2018-12-07 19:25:46来源:励志吧0次阅读

After rows over everything from post boxes to the electoral system, simmering tensions between Hong Kong and China move to the football pitch on Tuesday night as their respective teams clash in the most eagerly awaited fixture here for decades.


Hong Kong has called up 1,200 police officers to maintain order as the rivals face off in a tense World Cup qualifying game where there will be much more than points at stake.

香港已征调1200名警察维持秩序,两支球队将在一场紧张激烈的世界杯(World Cup)预选赛中交锋,这场比赛关系到的东西远不止是胜负得分。

Tickets for the match at the tiny, 6,000-capacity Mong Kok stadium sold out within hours after the Hong Kong football association failed to secure access to the city’s main sporting venue.


Long ignored by Hongkongers because of its poor record, the Hong Kong team has enjoyed a resurgence of interest this year as the city’s young residents used their support to demonstrate their separateness from mainland China.


“The Hong Kong-China conflict definitely plays as a factor in the game,” said Bob Wu, a 34-year-old fan who recently travelled to the Maldives to support Hong Kong in another qualifier. “Football is always related to politics, especially when the mainland is encroaching on our society.”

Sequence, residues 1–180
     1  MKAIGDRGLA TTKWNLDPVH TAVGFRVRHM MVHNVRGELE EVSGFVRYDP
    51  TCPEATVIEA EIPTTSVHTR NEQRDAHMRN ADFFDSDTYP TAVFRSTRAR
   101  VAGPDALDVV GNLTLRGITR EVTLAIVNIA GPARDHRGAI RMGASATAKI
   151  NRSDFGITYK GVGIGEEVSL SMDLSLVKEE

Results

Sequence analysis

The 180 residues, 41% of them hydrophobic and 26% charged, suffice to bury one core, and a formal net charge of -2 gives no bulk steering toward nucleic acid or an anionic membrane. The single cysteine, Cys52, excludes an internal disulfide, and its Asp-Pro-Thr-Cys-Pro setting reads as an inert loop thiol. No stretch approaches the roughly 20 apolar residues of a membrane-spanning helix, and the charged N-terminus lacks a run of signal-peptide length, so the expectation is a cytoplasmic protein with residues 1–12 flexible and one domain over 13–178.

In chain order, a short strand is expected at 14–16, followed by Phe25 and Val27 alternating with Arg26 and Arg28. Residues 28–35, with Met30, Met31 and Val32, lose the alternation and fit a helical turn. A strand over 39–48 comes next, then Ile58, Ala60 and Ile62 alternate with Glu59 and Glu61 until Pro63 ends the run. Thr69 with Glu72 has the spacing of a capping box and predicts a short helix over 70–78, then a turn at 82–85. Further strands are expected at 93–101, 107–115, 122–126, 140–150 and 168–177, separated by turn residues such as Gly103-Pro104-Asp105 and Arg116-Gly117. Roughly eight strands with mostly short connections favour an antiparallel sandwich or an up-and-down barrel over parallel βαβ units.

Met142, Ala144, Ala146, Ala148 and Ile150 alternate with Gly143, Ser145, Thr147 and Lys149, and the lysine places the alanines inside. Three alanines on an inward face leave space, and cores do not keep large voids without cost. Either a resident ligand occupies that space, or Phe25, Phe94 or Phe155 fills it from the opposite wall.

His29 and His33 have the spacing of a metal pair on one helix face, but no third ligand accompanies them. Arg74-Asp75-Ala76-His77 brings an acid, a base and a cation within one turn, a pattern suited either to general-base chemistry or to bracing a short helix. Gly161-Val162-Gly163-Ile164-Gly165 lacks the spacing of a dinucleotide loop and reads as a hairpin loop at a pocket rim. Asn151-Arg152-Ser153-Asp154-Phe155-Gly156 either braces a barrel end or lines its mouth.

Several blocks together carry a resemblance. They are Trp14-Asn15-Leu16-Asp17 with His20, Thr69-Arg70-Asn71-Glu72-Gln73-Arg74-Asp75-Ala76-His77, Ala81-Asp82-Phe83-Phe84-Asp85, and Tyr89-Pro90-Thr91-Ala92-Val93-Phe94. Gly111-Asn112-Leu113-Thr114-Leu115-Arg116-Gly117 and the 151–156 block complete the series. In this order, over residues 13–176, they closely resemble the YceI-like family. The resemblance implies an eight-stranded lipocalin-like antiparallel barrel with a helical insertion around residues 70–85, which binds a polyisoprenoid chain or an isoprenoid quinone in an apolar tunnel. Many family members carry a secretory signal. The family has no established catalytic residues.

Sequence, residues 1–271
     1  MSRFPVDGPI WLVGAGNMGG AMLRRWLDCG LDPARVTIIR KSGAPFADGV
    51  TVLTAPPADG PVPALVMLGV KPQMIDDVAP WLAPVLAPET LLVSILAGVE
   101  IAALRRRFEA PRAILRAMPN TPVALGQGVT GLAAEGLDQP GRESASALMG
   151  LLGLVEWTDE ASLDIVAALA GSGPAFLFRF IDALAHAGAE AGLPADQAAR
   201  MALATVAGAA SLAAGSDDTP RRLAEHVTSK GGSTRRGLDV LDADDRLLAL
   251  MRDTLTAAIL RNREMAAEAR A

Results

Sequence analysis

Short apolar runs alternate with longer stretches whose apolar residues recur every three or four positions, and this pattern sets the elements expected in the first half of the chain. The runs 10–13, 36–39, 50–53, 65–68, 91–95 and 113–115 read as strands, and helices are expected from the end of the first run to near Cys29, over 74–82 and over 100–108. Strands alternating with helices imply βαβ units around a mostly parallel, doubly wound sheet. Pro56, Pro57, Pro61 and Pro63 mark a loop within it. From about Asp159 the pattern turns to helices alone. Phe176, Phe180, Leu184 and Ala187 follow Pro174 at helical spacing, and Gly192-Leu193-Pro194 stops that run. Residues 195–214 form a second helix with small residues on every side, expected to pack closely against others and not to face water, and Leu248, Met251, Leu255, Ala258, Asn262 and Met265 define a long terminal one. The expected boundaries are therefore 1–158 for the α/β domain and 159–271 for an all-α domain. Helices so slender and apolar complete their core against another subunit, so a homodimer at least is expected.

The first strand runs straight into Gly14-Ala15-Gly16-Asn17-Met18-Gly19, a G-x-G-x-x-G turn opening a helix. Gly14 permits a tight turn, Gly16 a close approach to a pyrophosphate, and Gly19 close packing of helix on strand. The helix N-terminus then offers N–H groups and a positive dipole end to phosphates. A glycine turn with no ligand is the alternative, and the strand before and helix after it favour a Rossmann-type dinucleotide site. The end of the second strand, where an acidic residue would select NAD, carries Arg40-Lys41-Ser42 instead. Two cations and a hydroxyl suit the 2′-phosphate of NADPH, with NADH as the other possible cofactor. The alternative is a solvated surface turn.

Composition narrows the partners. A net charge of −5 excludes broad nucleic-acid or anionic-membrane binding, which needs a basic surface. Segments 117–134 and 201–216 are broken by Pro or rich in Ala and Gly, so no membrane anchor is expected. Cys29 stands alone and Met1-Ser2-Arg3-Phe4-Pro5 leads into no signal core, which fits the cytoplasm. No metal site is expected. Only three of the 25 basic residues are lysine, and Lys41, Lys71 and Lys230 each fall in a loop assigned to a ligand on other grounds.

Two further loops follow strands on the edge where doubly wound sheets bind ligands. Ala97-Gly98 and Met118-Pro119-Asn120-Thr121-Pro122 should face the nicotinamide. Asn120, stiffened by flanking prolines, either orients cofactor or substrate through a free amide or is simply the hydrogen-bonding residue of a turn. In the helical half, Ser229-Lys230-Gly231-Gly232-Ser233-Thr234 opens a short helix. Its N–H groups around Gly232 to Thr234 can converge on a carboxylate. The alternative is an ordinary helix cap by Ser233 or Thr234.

“港中冲突肯定会成为这场比赛中上演的一个元素,”34岁的球迷Bob Wu说,“足球总是与政治相关,特别是在内地正侵入我们社会之际。”最近,他曾奔赴马尔代夫,在另一场世界杯预选赛中为香港队站脚助威。

Since it returned to Chinese control in 1997, Hong Kong has been ruled semi-autonomously under the “one country, two systems” arrangement.


But the relationship between Beijing and Hong Kong has floundered since China refused to allow this city of 7m people free elections, sparking the Occupy protest movement last year.


Hong Kong’s pro-democracy opposition parties complain of increasing meddling in Hong Kong affairs by Beijing, while a small group of activists are even calling for the city to declare independence in order to safeguard its way of life.


During previous World Cup qualifiers, Hong Kong’s fans booed their official national anthem — China’s “March of the Volunteers” — leading to a $5,000 fine from Fifa, the sport’s governing body.


“Hong Kong is part of China but Hong Kong people had little say when the city was handed over to China,” said Joel Yu, a 23-year-old Hong Kong fan who works at a university. “Now it’s unreasonable to play China’s national anthem when our team is playing. That is not our song.”

“香港是中国的一部分,但在香港主权移交给中国时,香港人几乎没有任何发言权。”在一所大学工作的23岁香港球迷Joel Yu表示,“现在,在我们的球队比赛时播放中国国歌是不合情理的。那不是我们的歌。”

But some fans believe their focus should be on trying to qualify for the 2018 World Cup in Russia rather than pushing political agendas.


“I don’t think the matches have to link with political issues necessarily,” said Mercury Cheng, a 23-year-old who works at a television station. “We are only supporting our own people.”

“我不认为这些比赛要与政治议题联系在一起,”在一家电视台工作的23岁球迷Mercury Cheng表示,“我们只是支持我们自己的球员。”

The two teams drew in a qualifying match in Shenzhen in September but China remain the favourites to win on Tuesday, ranked 84th in the world compared with 145th-placed Hong Kong.